BHMS, MD - Alternate Medicine
Homeopath, Nagpur
I think you are getting into the phase called frustration. The next step might be depression. This frustration might be cause to get into alcohol which is again for the worse. You need counselling and medications if required.
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I am suffering through depression due to some personal problems. There is n't any improvement through alopathic. Please suggest any homeopathic medicine..

MD - Homeopathy, BHMS
Homeopath, Lucknow
I am suffering through depression due to some personal problems. There is n't any improvement through alopathic. Plea...
Dear, in simple words depression can not be cured by any medicine, you have to apply your thoughts to cure it. What is the problem of your depression? if you think deeply of past experiences then the depression will be more stronger. So you have to stop thinking past, just go ahead and think positive. Do meditation for a while while you feel depression, learn to say no to people who doesn't care of your feelings. Rather than these few medicine will helpful to overcome from depression and will boost your internal energy to fight you from depression. 1-aurum met 1000/3 doses at bed time (once in 15 days). 2-kali phos 6x (4 tab 4 times in a day). 3-tranquil tab (2 tab 4 times in a day).
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I am facing my class 12 exams and I am under pressure of expectations. For this reason I wasn't able to attempt my yesterday's paper .my hands began trembling and I was fear stricken .only thought in my mind was about fear of not scoring well. How can I deal with su ch anxiety and stress problem. And due bad childhood experience ,strictness of parents I have started dreading .whole of my body is paining and hands trembling. Negative thoughts come in the way of me learning and I face difficulty concentrating sometime thinking of loneliness as I have no brother and no friends. I live alone all by myself and get bored as my parents are both teacher a I am alone in home during daytime.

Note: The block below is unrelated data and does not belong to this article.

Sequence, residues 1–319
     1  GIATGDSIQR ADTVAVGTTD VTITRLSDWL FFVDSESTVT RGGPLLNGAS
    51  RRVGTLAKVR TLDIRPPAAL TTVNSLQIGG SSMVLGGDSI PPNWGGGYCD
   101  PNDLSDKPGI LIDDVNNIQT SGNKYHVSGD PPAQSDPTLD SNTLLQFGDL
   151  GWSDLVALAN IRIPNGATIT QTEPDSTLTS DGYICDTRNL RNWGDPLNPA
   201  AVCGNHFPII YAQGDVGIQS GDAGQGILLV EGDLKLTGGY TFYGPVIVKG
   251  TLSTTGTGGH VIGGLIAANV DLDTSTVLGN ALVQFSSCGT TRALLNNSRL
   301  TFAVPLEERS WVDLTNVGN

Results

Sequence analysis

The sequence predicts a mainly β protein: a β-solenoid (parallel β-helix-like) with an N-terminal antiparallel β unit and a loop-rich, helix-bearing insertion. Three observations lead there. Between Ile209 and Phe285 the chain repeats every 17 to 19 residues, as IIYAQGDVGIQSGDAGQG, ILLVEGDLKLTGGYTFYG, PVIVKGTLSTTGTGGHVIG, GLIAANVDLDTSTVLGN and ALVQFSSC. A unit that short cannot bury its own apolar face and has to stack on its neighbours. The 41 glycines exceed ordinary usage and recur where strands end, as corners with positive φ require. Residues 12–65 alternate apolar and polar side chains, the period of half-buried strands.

Psychologist, Chennai
Dear lybrate-user basically you understand education is very easy but like you so many students are imagining that it is very hard. Read book thoroughly without shortcut methods, automatically you will score good marks. At the same time you should not blame teachers & parents .follow the correct procedure in learning in maths formula is important without applying formula we won't get answer .avoid spicy items drink plenty of natural juice wake up in early morning & go to the bed earlier. Avoid playing games. Psychologist rajendran chennai.
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I am a dentist married with 2daughters my husband is a bsnessman I face severe nervousness anxiety in public lack of confidence. My husband started ignoring me due to work pressure I was stressed in both my pregnancy due to lack of care. I went out of practice for child care nw I n my husband live in long distance due loss in bsness. I live with my parents. What should I do.